Herb Snitzer isn't a local photographer.
Although he lives in Lakewood Estates, he bristles at the moniker.
Instead, he tells me, he's a "photographer who happens to live local."
Fair enough. After all, he may live locally, but his life's work — thus far — reaches farther than Tampa Bay.
For most of his life, his work has borne witness to humanity.
He remembers taking his first photo in 1955, when he was 22, of a black construction worker leaning against a fence with his wrists crossed over the fence. Snitzer pantomimes the crossed wrists, showing how they could, to the imagination, look manacled.
He didn't keep the photo.
"Back then nobody considered photography an art. I did. When I moved to New York, there was one photographic gallery," he says.
If Ansel Adams gave the West visual voice, and Clyde Butcher for Florida, Snitzer did the same for equality.
His work has roots in jazz; four years after his first photograph, Snitzer landed work photographing the cover of The Amazing Nina Simone. The two became friends.
"When I met her we just fell in love," he says. "We were the same age, and we were starting out."
To Snitzer, a diminutive man in his early 80s, the struggle for civil rights is inexorably linked to jazz.
"I think all jazz is a statement of freedom," he says. "Jazz music is basically coming out of struggle — the early jazz."
We're upstairs at the Museum of Fine Arts and, like it or not, we have an audience as we talk — several staff members stay for the interview, and it's no wonder. Listening to Snitzer talk about his work and his subjects is hypnotic. Robin O'Dell, who curated the upcoming show featuring his work, is one of the witnesses, which is fitting, as she chose the title of the show, Can I Get a Witness.
"When I first heard it, I was [like], 'What, to police brutality?' Can I get a witness to really, whatever," he says. "It’s going to arouse a lot of questioning, which is really always good. Even though there’s a period, [not] a question mark, one could fill in..."
O'Dell selected the 34 pieces in the exhibit. There's no question we're witnessing evolution — we hope. A photograph of three young boys, one Hispanic, one black and one white, illustrate our unity. Another image — this one of Louis Armstrong, looking straight at the lens, holding the stub of a joint — hints at the struggle intrinsic in jazz. Snitzer points out the Star of David around Armstrong's neck, recalling the story of why Armstrong wore it (as a young boy, a Jewish family watched out for him, Snitzer says, and they gave him the medallion). "America Never Fails" captures a protest, and it looks not unlike photos from the more recent Women's Marches.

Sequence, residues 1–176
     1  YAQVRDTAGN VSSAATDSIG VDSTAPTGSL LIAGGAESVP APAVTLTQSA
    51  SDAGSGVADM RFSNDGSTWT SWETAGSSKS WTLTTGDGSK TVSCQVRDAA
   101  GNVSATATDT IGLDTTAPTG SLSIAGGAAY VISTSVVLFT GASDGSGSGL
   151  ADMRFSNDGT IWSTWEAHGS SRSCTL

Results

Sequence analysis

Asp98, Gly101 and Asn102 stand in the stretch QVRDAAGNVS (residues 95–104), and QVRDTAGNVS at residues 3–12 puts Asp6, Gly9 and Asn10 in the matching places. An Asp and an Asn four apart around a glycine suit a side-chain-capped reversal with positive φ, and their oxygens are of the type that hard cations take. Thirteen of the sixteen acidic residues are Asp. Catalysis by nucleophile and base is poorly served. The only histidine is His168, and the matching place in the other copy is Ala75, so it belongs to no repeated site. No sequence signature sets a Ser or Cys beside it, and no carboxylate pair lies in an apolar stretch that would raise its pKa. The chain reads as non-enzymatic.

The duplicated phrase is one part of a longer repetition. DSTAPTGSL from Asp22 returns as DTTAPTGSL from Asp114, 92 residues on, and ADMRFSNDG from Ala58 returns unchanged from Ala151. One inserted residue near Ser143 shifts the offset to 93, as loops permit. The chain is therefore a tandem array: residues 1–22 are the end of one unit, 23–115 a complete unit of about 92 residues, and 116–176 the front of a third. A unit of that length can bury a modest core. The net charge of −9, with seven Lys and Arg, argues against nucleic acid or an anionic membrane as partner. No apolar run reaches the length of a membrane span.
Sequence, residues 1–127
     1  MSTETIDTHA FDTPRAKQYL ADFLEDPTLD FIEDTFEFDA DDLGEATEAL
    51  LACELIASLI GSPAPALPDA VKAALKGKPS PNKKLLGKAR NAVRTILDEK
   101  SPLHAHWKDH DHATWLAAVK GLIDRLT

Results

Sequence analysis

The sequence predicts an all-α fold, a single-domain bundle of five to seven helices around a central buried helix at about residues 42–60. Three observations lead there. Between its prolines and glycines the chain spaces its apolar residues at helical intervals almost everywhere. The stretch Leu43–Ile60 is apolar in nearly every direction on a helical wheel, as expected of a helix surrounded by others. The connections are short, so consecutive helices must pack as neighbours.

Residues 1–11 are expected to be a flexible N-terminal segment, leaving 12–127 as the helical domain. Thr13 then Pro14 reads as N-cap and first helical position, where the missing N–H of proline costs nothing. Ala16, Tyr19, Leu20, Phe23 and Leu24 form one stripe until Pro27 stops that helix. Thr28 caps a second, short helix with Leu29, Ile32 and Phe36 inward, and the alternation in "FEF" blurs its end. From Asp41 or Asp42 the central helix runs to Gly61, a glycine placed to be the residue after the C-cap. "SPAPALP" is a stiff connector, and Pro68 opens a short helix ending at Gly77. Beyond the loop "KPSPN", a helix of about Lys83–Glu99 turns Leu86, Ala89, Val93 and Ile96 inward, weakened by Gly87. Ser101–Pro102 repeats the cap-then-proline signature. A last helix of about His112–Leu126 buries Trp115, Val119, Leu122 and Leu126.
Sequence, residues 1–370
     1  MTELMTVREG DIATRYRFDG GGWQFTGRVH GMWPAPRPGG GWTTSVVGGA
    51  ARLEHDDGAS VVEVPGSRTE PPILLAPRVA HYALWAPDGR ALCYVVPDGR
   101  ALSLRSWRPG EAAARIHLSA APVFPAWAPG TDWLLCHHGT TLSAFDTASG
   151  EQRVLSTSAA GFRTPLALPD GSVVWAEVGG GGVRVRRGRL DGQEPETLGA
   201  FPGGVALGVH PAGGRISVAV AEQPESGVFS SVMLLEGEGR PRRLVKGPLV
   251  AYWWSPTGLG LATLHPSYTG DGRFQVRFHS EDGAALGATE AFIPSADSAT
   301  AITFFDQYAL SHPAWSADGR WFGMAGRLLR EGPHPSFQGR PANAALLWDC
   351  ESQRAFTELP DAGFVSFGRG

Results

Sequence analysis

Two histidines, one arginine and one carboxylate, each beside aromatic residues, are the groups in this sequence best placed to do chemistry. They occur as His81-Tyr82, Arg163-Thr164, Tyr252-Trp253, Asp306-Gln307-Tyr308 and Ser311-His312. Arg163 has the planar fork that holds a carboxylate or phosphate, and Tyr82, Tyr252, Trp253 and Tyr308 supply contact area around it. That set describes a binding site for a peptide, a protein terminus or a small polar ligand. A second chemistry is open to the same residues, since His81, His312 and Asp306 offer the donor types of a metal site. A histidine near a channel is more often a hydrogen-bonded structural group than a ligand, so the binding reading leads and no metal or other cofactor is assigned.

Snitzer did shoot the Women's March in downtown St. Pete, but this photo is not from that. It's from a 1961 protest.
Other photos, some from past St. Pete Pride parades, show unity and love. Snitzer's entire life, it seems, bears witness to struggle, from jazz to the Women's March.
Not everything he witnesses is on public display. He cites a series he shot on obesity, which he chose not to publish because he felt it would too easily lend itself to mocking the subjects. Documenting life, his decision asserts, is not akin to judging it.
He says his stature helped his career.
"I’m a little guy, so I'm not threatening anybody. If you look at the history of war photographers, they’re all little," he says.
He became a photographer because the way photographs show life appealed to him.
"It was a whole different way of looking at life, to document it, and I wanted to be part of it," he says, adding: "Look at the world and decide what it means to be alive and in it."
He still shoots film — he uses a Nikon B90. Digital, he says, is too common. Everyone can do it, or thinks they can. For new photographers who want to bear their own witness, he has some advice — and some questions.
"I mean, why do you want to photograph? I ask young people that. It’s a hard life, unless you want to do fashion, and then it’s even harder. Most young people can’t give me an answer. Well, an answer that has any kind of depth to it," he says. "That sounds elitist, and I don’t mean it that way."
A look at his life's work would tell you as much.